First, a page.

If you cool things down enough, you can turn almost anything into a liquid (or into a solid, if you're really insane about it.) Chemists use liquid ammonia fairly often, for example, though it's been some years now since I've needed any. People outside the field think of the aqueous solution of ammonia gas (household ammonia) when you say "liquid ammonia", but I'm talking about the pure stuff. Cool the gas down below about -33 C, and you'll condense it out to a clear liquid that's sort of like a thinner version of water.
It's easy enough to do, with an ammonia tank and a condenser full of dry ice. But once, over twenty years ago, I had a chance to see someone use one of those rigs to condense something a bit more exotic: pure hydrogen cyanide. That's another one that people confuse with the aqueous solution. But pure HCN has a fairly high boiling point, for such a small molecule, and condensing out is no problem - as long as you have more nerve than you have sense.
The fellow doing it was down the hall from me in graduate school, and he was doing an obscure reaction which forms a geminal dinitrile, which themselves are rather obscure compounds. (That's probably because this bug-eyed route is the best way to make 'em.) He was dressed in full suit and respirator gear, for which he'd had to get trained. Everyone else had cleared out of the lab, but someone was watching him at all times from the hallway, just in case.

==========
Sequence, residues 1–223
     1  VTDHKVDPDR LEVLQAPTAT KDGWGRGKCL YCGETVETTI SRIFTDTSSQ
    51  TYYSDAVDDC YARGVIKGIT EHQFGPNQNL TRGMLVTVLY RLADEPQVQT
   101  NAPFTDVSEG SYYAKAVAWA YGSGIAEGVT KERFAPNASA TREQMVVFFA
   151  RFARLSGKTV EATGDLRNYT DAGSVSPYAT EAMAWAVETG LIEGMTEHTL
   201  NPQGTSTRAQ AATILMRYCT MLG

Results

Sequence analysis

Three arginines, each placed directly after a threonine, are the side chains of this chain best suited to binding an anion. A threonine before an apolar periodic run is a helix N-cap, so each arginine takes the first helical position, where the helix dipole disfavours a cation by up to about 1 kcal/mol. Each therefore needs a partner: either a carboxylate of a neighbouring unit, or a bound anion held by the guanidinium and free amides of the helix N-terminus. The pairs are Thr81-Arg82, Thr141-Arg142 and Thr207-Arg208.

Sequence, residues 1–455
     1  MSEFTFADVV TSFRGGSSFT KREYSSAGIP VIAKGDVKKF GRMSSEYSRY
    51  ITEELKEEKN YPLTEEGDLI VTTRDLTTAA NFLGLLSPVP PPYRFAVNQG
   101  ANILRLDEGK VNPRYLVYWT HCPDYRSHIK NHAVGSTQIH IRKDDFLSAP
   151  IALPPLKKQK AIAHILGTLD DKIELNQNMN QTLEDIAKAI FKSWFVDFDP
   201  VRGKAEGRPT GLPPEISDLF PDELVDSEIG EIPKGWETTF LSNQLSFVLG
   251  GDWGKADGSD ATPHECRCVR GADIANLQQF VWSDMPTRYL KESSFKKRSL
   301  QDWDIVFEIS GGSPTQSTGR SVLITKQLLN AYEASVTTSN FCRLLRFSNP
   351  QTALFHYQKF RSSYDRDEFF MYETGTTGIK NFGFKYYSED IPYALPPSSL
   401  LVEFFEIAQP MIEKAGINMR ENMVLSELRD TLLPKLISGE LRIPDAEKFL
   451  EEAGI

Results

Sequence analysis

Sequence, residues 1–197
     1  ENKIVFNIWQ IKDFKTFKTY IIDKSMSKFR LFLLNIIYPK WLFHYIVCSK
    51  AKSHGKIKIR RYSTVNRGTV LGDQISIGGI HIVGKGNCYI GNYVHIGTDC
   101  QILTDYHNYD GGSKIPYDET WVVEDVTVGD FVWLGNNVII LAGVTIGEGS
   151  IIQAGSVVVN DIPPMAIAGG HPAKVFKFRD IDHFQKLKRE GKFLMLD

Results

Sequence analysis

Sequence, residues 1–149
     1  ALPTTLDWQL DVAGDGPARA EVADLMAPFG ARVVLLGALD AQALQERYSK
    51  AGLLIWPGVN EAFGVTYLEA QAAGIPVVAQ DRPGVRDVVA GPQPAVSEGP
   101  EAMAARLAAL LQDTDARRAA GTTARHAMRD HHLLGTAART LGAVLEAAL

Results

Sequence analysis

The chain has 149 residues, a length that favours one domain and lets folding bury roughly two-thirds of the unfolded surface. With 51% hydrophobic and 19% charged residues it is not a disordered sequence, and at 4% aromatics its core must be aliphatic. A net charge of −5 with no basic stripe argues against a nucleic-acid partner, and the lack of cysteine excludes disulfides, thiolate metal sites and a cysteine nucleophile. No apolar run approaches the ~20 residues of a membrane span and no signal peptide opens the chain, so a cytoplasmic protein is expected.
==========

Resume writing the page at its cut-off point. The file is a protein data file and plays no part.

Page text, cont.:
I thought to myself, "When am I going to get the chance to see pure liquid HCN again?", and went down to see, ready to bail out if anything started going wrong. It looked just like ammonia, clear drops rolling down the cold condenser and dripping into the round-bottom flask below. But there was enough HCN in there to kill off the lot of us, if (im)properly handled.
I've worked with plenty of cyanide since then, and even plenty of reactions that have produced small whiffs of HCN vapor. (As I think I've mentioned, it doesn't smell as much like almonds as it's said to, in my opinion.) But I doubt very much if I've worked with enough of it to match the amount that I saw in that flask, that day - there must have been a couple of moles of it in there. A lifetime supply that was, in many sense of the word. . .